The MPHA accessed Campbell's chemical-dependency treatment and criminal-history records and reviewed Campbell's application, including the affirmative answer he had given to question 7 and the reference letter mentioning his past drug use. Campbell's chemical-dependency treatment records indicated that Campbell had used cocaine in March 1995, and possibly as late as August 1995. See id. at 37 (Declaration of Jeffrey Campbell) (admitting the use of illegal drugs in March 1995); id. at 33 (Defendants' Answer) (indicating Campbell's chemical-dependency treatment records revealed that in March 1995 Campbell admitted he "currently and regularly" used illegal drugs, and, that on August 1, 1995, he "continued to use cocaine on a weekly basis"). Campbell's criminal record, meanwhile, showed that in 1990 or 1992 he had been arrested or convicted for disorderly conduct, profanity in public, theft, and theft by check. See id. at 37 (Declaration of Jeffrey Campbell); id. at 56 (Letter from the MPHA to Campbell, Aug. 28, 1996).

The MPHA denied Campbell's public-housing application on August 28, 1996. In a

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letter, the MPHA indicated it was denying his application for the following reasons:

ú You have a criminal history which includes arrests and/or convictions for: disorderly conduct, profanity in public, theft, and theft by check ($20-$500).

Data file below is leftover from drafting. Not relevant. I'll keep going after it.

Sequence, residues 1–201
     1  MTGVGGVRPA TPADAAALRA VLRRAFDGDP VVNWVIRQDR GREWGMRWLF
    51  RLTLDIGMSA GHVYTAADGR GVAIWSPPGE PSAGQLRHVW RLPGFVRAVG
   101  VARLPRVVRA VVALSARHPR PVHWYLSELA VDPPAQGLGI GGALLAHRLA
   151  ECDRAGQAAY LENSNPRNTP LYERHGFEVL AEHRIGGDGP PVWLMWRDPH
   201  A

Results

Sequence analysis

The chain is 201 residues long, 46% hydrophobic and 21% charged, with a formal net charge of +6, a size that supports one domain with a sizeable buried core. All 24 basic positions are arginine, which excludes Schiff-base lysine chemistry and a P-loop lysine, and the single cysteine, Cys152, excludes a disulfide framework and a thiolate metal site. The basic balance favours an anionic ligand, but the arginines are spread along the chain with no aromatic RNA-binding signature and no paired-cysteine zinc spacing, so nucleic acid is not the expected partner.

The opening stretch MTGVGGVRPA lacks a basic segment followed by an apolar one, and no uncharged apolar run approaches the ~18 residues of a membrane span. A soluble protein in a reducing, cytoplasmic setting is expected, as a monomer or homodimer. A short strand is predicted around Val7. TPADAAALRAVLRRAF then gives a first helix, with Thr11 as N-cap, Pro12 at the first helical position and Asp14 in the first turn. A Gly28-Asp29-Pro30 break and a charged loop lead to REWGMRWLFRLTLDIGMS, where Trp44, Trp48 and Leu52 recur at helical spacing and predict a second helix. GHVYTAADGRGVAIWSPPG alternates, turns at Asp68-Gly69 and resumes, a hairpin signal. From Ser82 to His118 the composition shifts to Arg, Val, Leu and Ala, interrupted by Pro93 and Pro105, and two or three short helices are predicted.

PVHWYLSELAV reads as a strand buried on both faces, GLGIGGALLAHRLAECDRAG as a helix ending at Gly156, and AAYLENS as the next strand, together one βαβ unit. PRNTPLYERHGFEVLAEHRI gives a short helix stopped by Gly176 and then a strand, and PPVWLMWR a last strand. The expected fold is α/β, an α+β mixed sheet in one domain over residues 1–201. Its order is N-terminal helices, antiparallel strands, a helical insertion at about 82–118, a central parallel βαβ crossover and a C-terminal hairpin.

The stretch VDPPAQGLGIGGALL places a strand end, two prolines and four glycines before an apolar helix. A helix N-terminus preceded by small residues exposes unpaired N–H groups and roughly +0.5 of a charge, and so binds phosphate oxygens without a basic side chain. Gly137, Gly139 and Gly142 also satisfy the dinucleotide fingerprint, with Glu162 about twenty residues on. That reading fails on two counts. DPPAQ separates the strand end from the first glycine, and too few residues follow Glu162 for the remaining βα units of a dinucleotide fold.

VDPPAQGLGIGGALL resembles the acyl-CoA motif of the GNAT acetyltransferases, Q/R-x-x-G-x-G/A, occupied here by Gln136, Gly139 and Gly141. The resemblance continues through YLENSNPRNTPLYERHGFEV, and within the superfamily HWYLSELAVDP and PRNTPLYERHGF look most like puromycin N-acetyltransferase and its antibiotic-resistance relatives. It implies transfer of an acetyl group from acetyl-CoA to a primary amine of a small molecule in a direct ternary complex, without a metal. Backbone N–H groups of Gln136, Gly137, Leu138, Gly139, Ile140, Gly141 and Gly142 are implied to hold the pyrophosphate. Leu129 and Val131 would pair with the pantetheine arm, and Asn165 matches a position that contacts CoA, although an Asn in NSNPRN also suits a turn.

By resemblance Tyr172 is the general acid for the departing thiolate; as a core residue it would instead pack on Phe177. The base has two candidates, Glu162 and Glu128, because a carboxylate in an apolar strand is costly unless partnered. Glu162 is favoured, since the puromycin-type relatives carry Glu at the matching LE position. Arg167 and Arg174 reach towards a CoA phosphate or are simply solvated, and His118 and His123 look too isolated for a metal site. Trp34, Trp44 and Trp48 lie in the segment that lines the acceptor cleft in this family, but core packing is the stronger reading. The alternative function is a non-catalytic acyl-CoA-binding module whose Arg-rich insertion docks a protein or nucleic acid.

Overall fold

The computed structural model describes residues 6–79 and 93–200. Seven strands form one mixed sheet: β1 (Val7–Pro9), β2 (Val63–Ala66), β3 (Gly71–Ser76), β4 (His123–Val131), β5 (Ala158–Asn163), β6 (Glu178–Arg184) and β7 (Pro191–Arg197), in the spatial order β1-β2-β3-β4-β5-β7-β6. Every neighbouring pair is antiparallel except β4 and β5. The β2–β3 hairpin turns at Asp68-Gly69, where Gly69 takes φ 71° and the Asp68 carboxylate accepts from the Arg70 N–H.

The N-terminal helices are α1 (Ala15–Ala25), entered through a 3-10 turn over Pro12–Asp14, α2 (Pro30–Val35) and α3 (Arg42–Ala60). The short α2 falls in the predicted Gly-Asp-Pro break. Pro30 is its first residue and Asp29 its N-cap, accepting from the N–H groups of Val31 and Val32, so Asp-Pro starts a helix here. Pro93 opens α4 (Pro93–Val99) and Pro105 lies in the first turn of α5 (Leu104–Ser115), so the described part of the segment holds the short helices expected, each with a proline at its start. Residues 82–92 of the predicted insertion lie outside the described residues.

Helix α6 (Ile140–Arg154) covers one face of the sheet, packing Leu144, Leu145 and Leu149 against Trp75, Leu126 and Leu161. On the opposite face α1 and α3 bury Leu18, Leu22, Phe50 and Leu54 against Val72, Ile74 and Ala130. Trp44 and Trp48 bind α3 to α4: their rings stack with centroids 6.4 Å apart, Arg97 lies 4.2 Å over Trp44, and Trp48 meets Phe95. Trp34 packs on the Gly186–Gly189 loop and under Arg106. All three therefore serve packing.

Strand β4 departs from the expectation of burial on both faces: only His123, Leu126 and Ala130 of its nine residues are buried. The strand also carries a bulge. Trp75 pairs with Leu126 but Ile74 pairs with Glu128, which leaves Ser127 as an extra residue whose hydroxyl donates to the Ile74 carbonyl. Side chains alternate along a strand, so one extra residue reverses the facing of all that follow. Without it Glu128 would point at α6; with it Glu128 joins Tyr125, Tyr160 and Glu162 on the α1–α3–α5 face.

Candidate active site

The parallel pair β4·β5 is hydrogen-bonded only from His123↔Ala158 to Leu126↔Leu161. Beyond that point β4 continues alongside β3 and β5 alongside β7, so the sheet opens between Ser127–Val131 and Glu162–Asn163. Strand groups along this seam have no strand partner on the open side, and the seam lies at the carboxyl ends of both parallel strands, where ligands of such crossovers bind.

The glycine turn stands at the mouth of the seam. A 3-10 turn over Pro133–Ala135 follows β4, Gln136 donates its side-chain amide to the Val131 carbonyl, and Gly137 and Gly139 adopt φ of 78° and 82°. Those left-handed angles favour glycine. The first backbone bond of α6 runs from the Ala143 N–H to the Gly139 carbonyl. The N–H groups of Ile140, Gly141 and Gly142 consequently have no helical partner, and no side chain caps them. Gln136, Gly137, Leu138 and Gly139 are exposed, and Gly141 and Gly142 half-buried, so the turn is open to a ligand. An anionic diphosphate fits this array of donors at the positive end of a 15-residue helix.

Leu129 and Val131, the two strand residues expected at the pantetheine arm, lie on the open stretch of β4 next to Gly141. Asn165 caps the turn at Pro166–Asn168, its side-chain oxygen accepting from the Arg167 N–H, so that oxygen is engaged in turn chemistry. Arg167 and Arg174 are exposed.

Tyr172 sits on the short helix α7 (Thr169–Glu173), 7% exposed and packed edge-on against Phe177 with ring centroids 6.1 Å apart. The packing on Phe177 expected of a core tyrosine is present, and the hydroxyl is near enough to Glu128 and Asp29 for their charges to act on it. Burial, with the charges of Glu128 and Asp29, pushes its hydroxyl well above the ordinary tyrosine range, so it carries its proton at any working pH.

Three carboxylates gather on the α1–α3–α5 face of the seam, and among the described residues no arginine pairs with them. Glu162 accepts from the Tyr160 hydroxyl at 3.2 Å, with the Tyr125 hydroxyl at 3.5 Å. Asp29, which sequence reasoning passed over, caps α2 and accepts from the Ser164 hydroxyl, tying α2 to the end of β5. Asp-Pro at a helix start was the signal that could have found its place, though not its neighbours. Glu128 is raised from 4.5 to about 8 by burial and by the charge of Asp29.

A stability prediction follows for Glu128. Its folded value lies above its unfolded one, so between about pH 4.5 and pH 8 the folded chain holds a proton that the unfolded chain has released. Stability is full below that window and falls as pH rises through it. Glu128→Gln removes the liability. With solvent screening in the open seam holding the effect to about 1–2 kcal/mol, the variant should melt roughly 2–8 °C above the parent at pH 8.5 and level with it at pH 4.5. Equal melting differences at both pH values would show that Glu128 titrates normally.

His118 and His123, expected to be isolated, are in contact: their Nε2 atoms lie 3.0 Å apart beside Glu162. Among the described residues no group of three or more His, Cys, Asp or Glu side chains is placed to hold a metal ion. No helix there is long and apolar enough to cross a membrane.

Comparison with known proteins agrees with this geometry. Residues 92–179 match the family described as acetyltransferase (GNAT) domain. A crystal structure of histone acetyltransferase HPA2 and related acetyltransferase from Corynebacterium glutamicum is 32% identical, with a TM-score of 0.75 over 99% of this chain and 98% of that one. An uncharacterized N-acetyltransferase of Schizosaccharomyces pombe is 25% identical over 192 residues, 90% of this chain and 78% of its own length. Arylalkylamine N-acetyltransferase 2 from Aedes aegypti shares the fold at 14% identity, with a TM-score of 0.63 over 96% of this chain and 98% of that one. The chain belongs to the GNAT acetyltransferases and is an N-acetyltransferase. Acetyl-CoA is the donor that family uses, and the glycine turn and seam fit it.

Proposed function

ú According to an assessment done by the Hennepin County Community Services Chemical Health Division you have recently used illicit drugs and have a problem with alcohol. You have a history of paranoid behavior when using.

Id. at 56.

Campbell appealed the MPHA's decision, and received a review hearing before a three-person MPHA hearing panel on October 17, 1996. The hearing panel, made up of one MPHA employee and two MPHA residents, heard Campbell's appeal and denied his application. The hearing panel again cited Campbell's drug and alcohol use as the reasons for its denial:

1) Although Mr. Campbell has received treatment for drug/alcohol use he admits he is still using. Mr. Campbell exhibits paranoid behaviors when using, according to [Hennepin County Community Services].

2) Committee felt Mr. Campbell needs to resolve chemical use issues--including alcohol.

Id. at 60.